Simulation and Evaluation of the Impact of Breathing Motion on Thoracic Dose Distributions for Different Radiation Delivery Techniques using 4D CT Data

Modern radiation therapy techniques are capable to deliver dose within millimeter or even submillimeter precision. Highly accurate knowledge about position and shape of anatomical and pathological structures is a prerequisite to exploit the potential of these techniques. However, in current clinical practice treatment planning is still based on 3D CT imaging; movements of anatomical and pathological structures are not represented. Therefore uncertainties arising are accounted for by introducing safety margins (fig. 1). Margins are usually defined with respect to observations based on appropriate patient populations. This causes problems for the individual patient: On the one hand safety margins could be too large; this would increase the volume of healthy tissue to be irradiated which in turn would increase the likelihood of treatment related complications. On the other hand margins could be too small; this would limit the chances of successful treatment. Furthermore, for certain radiation delivery techniques such as intensity modulated radiotherapy the interplay of segmentation (i.e. application of small radiation fields of only a few monitor units) and target motion raises the risk of cold and hot spots (areas of high or low dose when compared to the planned dose).

The problems gain in importance with increasing motion amplitudes. Consequently, breathing motion - which causes motion amplitudes of up to several centimetres (fig. 2) - states a profound problem within the field of radiation therapy of thoracic tumors. By means of 4D CT data sets of lung tumor patients our project aims to answer fundamental questions within the field of radiation therapy of thoracic tumors. As a starting point we analyze breathing dynamics; related questions are here: What kind of motion patterns of anatomical and pathological structures exist? Do current safety margin concepts used in clinical practice cover the motion patterns? Is there a chance to improve the safety margin concepts by our observations?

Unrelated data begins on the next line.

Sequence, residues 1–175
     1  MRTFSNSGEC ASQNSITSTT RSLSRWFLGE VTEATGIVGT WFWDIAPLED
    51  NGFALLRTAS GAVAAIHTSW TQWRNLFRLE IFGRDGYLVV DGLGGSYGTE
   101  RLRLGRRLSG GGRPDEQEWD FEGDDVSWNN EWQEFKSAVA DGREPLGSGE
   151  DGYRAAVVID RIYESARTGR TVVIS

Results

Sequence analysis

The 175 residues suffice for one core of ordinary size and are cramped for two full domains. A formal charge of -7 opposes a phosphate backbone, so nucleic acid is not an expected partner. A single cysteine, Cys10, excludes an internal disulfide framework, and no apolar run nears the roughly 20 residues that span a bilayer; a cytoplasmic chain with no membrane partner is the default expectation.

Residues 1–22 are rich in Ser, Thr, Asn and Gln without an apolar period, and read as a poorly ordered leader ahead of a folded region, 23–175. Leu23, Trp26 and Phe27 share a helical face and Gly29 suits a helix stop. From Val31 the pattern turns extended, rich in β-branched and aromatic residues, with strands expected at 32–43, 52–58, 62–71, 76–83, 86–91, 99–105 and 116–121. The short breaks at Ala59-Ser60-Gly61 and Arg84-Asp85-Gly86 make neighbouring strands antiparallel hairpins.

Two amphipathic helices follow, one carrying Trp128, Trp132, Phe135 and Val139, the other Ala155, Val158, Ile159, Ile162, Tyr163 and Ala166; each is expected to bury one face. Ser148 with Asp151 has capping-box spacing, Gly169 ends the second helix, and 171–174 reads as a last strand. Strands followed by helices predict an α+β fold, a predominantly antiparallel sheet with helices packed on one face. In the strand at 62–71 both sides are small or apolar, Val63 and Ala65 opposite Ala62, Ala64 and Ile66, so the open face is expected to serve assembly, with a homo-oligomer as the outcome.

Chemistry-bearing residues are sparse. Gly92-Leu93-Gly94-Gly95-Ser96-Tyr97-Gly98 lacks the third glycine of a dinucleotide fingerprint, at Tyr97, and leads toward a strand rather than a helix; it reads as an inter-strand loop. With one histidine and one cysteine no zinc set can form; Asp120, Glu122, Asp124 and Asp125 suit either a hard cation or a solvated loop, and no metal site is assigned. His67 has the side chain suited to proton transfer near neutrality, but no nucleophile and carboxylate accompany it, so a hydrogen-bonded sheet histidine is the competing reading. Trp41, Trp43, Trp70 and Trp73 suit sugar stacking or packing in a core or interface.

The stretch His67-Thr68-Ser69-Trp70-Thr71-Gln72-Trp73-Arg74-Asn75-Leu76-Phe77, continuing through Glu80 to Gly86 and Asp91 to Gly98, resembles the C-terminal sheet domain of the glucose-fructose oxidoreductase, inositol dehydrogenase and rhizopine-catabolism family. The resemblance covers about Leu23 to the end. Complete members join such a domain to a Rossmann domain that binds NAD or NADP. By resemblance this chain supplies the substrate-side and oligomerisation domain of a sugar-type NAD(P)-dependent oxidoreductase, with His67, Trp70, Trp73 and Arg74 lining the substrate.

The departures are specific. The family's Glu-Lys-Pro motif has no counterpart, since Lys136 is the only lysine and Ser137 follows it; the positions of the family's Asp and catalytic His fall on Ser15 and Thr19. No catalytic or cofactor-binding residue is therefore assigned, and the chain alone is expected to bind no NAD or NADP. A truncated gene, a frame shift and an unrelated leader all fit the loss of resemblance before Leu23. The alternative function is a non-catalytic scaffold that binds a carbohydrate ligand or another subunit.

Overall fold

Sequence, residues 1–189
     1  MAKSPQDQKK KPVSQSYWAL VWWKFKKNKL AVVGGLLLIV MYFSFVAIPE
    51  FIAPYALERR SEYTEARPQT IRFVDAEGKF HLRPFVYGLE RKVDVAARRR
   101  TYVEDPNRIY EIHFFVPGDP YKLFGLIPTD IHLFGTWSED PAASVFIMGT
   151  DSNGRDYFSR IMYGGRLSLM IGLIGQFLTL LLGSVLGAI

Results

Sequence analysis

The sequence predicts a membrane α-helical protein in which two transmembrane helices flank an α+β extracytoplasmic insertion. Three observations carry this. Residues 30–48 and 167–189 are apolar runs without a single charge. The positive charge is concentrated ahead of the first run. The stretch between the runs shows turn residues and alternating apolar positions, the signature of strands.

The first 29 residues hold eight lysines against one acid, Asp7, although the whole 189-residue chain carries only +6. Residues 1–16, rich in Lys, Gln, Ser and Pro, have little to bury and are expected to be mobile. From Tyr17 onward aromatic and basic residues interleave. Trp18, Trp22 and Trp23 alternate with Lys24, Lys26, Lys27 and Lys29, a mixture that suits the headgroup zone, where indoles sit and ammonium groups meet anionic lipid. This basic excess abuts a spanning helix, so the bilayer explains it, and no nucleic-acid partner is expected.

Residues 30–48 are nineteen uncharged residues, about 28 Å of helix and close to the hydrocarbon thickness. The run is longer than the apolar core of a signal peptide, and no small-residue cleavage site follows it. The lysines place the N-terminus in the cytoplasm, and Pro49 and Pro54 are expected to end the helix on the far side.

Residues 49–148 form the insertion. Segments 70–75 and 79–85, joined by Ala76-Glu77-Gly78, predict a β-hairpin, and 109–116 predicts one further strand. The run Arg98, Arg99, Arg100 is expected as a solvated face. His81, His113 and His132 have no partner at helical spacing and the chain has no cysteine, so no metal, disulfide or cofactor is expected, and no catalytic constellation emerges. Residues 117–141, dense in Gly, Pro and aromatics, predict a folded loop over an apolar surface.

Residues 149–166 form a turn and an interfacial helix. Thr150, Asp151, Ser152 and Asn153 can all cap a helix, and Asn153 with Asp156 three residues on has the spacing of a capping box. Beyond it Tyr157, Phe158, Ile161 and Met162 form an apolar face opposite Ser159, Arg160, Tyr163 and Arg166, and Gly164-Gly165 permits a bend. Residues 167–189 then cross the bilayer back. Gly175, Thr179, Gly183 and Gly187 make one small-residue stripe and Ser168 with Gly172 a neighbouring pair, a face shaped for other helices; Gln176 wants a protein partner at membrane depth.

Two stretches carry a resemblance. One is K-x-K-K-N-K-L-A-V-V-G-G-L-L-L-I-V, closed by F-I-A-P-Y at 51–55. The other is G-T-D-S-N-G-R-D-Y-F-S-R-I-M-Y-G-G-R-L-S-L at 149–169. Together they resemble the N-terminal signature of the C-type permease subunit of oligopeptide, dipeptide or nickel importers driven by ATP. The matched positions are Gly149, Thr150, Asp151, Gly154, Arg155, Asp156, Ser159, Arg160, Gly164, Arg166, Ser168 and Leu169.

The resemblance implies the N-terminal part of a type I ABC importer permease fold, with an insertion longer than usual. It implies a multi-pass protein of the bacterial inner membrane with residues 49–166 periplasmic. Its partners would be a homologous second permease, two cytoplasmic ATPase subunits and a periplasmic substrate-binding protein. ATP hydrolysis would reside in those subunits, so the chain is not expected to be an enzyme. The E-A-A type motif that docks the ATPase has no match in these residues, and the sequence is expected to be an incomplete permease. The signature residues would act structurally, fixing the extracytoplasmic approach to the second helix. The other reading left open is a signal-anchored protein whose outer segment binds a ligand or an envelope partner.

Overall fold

In the next step we study the impact of breathing motion on the dose distribution applied to the patient; these analyses are done within a computer based simulation study. Different radiation delivery techniques are simulated such as 3D conformal radiation therapy and intensity modulated radiotherapy. For the different techniques the advantage of gated radiation delivery over ungated radiation delivery is examined.

This project is funded by the Deutsche Krebshilfe (DKH-Nr. 107899).

Fig. 1: Planning CT, planned dose distribution, and corresponding target volumes (planning target volume PTV and gross tumor volume GTV) of a lung tumor patient; the GTV-PTV safety margin is defined motion oriented.

Fig. 2: Respiratory motion as acquired by 4D CT. The lung tumor to be irradiated is highlighted in red.

Selected Publications:

  1. René Werner, Jan Ehrhardt, Alexander Schmidt-Richberg, Bernd Bodmann, Florian Cremers, Heinz Handels
    Dose Accumulation based on Optimized Motion Field Estimation using Non-Linear Registration in Thoracic 4D CT Image Data
    In: Dössel O., Schlegel W.C. World Congress on Medical Physics and Biomedical Engineering, WC 2009, Springer Verlag, Berlin, IFBME Proceedings 25/IV, 950-953, 2009.
  2. R. Werner, F. Fehlauer, J. Ehrhardt, D. Albers, F. Cremers, R. Schmidt, H. Handels: Impact of Breathing Phase on Thoracic Dose Distribution - an IMRT Treatment Planning Study using 4D CT Image Data. 9th Biennial ESTRO Meeting on Physics and Radiation Technology For Clinical Radiotherapy of the European Society of Therapeutic Radiology, Barcelona, Radiotherapy & Oncology 84(Supplement 1): 153, 2007.

Project Team:

Dipl.-Inf. Dipl.-Phys. René Werner
Dr. Jan Ehrhardt
Prof. Dr. Heinz Handels

Cooperation Partners:

Dr. rer. nat. Florian Cremers
Department of Radiotherapy and Radio-Oncology
University Medical Center Hamburg-Eppendorf


Created at July 12, 2010 - 3:26pm by Kulbe. Last modified at February 23, 2012 - 3:05pm.



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